Some directors used the automobile as symbol of the new world displacing the old in Westerns. Sam Peckinpah was especially fond of this, and Jason Robards being run down by one in The Ballad of Cable Hogue, the old cowboys being horrified by one in Ride the High Country and William Holden & Co marveling at Mapache’s car in The Wild Bunch all represent the change. In The Shootist, JB Books arrived in town on a horse but one of his enemies (Richard Boone) comes in by auto. Sometimes there’s a last hurrah as the cars are shown to be not up to the task and the horse will take over again to finish the job, as in The Last Hard Men and Big Jake. In Tom Selleck’s Monte Walsh Monte leaps his horse over the auto stuck in the mud, laughing in the face of modernity.
Chuck disapproved: he went back to the horse
This of course harks back to another Western trope, the railroad. While John Ford’s The Iron Horse and its successors such as Union Pacific (1939) praised the building of the trans-continental road for its unifying and nation-building spirit, many Westerns did also describe the railroad companies in terms of ruthless corporate destroyers of the old (and for old, read better) way of life. They drove the stagecoach lines out of business, for example, and what would be more nostalgically ‘Western’ than the stage? A tradition arose by which marauding outlaws (Jesse James being the prime example) justified their depredations by saying they were hitting back at the railroads, those oppressors of the little man. The classic example of this regret for a bygone era (an era already gone by) is the elderly Ransom Stoddard (James Stewart) in the barn in The Man Who Shot Liberty Valance looking at the old Overland stage and remembering how he had first come to Shinbone on that coach and how Valance had held it up. Now it’s gathering cobwebs and the railroad has changed everything.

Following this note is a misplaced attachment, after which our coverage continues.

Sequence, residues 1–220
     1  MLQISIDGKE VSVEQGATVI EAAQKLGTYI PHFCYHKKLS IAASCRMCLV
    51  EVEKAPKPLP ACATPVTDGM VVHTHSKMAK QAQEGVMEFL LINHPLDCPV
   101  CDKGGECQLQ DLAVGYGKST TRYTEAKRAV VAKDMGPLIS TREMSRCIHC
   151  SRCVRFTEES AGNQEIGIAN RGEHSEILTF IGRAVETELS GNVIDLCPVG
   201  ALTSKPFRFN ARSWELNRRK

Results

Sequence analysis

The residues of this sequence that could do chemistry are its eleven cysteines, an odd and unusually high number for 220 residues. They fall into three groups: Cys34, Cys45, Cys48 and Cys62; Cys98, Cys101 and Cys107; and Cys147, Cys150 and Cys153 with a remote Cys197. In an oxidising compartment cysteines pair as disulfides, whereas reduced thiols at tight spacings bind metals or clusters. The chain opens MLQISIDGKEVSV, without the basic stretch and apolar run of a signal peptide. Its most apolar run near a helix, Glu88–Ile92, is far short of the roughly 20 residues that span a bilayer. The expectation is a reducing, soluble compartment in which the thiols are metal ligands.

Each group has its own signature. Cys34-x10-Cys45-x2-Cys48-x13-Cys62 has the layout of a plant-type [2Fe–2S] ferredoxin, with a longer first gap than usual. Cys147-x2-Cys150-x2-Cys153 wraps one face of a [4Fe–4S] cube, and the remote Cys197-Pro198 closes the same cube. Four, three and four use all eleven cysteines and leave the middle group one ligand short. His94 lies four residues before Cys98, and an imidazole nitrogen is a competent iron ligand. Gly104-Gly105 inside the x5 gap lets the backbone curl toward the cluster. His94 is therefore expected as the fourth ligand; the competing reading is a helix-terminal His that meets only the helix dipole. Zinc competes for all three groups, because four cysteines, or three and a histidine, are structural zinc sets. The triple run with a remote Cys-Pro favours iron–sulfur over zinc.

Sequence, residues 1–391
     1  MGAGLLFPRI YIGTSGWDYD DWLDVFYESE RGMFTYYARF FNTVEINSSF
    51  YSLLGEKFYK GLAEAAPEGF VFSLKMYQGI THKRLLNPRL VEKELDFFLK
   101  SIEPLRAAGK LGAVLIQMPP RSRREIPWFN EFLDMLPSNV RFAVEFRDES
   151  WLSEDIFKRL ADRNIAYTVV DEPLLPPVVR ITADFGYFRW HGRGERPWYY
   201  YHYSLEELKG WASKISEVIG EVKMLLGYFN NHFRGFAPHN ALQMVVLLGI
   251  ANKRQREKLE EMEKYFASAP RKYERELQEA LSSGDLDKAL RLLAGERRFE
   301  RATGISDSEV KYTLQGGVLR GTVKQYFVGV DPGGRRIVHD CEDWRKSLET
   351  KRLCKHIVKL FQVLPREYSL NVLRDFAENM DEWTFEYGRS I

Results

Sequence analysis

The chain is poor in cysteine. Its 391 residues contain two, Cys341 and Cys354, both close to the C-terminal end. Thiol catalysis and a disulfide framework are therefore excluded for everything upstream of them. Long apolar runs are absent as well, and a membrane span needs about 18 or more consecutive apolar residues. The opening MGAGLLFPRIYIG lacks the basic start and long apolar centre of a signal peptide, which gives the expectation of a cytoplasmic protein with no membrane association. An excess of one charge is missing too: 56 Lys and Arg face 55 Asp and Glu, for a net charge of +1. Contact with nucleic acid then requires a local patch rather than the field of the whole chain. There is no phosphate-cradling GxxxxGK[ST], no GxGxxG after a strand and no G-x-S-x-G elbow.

“The place sure has changed.”
“Well, the railroad done that.”
Not just the railroad but machines generally undermine and threaten the good old Western ways. In Jim Jarmusch’s Dead Man (1995) the industrial town of Machine signifies filth, misery and degradation, contrasted with the life of the American Indians, in harmony with nature. The Old West is a place of wide-open vistas, mountains, rivers and trackless deserts. Towns are established, yes, but there is always a kind of conflict between on the one hand the urge to civilize, to bring order to the frontier, to establish institutions, and on the other the desire to safeguard the freedom of the individual to roam unmolested. Barbed wire is often the enemy of the Westerner, who sang Don’t fence me in, for it tied him down, limited his wanderings and put up boundaries.
In Westerns it is often the women who are the most committed townsfolk, the ones who go to church and teach school, while the men are the ones who go on cattle drives, set out on revenge quests, ride in posses and explore virgin land. By extension, it is the males who repine, who feel the passing of the West the more, while their womenfolk embrace modernity and law and order more willingly.
Of course not all Western movies and books dealt with the end of the West. But many did, from the very beginning and right through. It’s a deep-seated idea in the genre. Cowboys ride off into the sunset, not the sunrise.